Also, the international relation theory of liberalism also justifies military intervention by indicating that different nations can come together to maximize on their prosperity as they work against their common conflicts (Saunders 2011, p. 52). In this case, numerous nations’ military interventions are justified when the nations collaborate to achieve success while limiting disputes between nations. For example, the US and China are working together to maximize the economic benefits of the two countries while trying to reduce disputes between the nations on variations of culture and working together against the terrorist who might affect the economic well-being of the nations. Additionally, military intervention to bring about the improved relationship has been viewed as through the promotion of peace by targeting common threats can be justified under the liberalism theory which emphasizes the importance of different nations is working together and reducing conflicts between the nations. 

The theory of Marxist also justifies military intervention whereby the developed states in their attempt to maintain their political and economic powers by exploring the developing nations. In this case, the US army intervention practices are justified as the nation attempts to explore the resources found in the developing countries such as oil in return the developing countries develop dependency in the developed nation, which in turn enables the developed nations to acquire and maintain their political as well as military power (Durward and Marsden 2009,p.69). Over the years, the US have enjoyed the super power title which is significantly shaped by the nation's military superiority which the US always have to protect as to continue enjoying the military dominance and to increase the developing countries' dependency in the US for military support ((Stearman 2007,p. 87). 

Conclusively, from the above discussion it is clear that military intervention procedures are justified under the different situation and by various nations as well as international laws. Despite the hit debate on issues that surround the justification of military intervention, military intervention has proved to reduce terrorist attacks such as in the case of the US, enhance international relations, and enable the nation to continue enjoying their political, social, economic as well as military. Lastly, military interventions have proved to allow countries to work together as opposed to interfering with other nation's sovereignty powers.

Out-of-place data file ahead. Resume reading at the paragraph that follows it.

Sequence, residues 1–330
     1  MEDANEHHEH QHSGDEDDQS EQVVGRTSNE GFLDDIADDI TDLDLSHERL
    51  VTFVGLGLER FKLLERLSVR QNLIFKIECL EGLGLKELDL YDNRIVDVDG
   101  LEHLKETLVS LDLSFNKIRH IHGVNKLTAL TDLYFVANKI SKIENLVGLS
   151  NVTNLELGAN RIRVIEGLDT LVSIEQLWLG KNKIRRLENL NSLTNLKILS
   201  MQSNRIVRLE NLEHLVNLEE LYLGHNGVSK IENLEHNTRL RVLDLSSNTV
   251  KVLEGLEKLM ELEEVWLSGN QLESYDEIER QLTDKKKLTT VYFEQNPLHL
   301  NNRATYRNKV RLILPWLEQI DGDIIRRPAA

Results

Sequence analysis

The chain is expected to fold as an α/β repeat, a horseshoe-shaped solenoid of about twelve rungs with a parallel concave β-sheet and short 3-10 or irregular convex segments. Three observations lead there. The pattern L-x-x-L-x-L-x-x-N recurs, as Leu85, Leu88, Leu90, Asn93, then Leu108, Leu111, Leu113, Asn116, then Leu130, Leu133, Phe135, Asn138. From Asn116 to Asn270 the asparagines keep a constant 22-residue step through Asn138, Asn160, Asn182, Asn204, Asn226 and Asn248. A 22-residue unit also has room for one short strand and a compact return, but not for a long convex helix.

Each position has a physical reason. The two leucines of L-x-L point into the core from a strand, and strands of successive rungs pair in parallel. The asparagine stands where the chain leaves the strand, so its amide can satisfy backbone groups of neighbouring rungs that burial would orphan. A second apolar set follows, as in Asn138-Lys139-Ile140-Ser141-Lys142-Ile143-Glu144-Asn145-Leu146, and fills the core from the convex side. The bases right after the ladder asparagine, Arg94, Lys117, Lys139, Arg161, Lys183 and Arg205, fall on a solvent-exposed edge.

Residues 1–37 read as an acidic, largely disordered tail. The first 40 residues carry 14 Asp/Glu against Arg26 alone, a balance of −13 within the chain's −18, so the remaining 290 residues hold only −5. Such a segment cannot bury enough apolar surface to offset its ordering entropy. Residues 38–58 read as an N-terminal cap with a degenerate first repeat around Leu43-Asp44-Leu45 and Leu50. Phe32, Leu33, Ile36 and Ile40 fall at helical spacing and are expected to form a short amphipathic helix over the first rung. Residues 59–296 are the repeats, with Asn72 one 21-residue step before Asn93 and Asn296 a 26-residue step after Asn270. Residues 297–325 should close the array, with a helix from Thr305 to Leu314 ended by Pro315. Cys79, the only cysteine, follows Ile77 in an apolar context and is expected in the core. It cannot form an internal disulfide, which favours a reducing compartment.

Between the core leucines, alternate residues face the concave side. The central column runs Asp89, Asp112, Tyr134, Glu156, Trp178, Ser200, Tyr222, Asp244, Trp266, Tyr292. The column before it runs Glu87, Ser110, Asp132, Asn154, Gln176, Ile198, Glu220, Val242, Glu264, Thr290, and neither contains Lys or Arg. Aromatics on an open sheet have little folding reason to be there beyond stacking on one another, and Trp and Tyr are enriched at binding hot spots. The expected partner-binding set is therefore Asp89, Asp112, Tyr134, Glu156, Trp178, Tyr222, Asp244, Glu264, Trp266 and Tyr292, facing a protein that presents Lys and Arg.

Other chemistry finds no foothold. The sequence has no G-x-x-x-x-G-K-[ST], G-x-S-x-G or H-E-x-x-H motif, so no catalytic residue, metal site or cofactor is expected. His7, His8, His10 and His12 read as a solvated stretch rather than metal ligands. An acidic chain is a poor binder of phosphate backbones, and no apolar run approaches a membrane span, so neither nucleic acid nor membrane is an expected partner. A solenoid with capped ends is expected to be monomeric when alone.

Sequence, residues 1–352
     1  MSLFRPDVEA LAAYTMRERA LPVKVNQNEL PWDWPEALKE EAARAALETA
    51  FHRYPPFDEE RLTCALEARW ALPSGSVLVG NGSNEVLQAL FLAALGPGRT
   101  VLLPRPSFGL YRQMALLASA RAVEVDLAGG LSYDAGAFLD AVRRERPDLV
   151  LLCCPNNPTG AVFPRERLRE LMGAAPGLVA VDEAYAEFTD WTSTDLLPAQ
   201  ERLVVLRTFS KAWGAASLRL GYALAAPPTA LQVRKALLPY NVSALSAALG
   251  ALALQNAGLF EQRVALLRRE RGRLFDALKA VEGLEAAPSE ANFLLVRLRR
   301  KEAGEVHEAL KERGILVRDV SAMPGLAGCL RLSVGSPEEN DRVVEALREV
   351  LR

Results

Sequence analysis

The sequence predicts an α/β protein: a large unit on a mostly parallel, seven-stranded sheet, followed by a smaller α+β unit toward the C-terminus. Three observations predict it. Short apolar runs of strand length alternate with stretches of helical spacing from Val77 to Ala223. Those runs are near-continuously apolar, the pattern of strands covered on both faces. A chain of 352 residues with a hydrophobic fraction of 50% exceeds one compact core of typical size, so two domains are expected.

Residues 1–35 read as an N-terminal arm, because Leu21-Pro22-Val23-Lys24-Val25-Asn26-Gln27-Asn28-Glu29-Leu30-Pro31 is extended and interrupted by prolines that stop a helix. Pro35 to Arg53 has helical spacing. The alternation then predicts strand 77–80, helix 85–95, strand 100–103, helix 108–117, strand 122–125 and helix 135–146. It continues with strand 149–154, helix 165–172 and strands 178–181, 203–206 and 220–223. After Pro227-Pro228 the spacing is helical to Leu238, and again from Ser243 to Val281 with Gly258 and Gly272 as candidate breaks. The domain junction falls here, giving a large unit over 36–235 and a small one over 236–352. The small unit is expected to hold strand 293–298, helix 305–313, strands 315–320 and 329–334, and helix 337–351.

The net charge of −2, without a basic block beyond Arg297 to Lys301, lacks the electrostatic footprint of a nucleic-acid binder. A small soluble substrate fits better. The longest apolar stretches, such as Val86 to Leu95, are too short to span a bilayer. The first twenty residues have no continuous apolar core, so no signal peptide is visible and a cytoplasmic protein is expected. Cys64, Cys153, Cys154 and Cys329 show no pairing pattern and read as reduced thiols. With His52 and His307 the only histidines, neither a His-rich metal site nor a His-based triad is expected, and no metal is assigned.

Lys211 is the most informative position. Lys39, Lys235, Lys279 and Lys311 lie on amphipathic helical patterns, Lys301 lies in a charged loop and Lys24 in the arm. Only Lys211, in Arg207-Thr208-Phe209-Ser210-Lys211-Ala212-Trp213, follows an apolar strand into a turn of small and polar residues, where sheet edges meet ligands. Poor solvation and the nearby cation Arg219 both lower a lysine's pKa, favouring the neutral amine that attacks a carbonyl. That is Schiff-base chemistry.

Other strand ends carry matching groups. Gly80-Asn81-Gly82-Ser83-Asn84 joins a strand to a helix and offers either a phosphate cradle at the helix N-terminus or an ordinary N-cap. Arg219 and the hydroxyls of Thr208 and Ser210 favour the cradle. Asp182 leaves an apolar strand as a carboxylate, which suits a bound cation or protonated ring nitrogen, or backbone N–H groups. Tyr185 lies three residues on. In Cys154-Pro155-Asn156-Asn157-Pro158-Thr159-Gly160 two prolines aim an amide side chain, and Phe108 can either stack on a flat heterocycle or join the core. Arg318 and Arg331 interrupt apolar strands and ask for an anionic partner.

COADY, C. A. J. (2005).    Righteous violence: the ethics and politics of military intervention . Carlton, Vic, Melbourne Univ. Press. http://catdir.loc.gov/catdir/enhancements/fy0627/2005412596-b.html

DURWARD, R., & MARSDEN, L. (2009).    Religion, conflict, and military intervention . Farnham, Surrey [u.a.], Ashgate. 

JOKIĆ, A. (2003).    Humanitarian intervention: moral and philosophical issues . Peterborough, Ont, Broadview Press. http://www.deslibris.ca/ID/405096

SAUNDERS, E. N. (2011).    Leaders at war: how presidents shape military interventions . Ithaca, NY, Cornell University Press. 

STEARMAN, K. (2007).    The debate about military intervention . New York, NY, Rosen Central.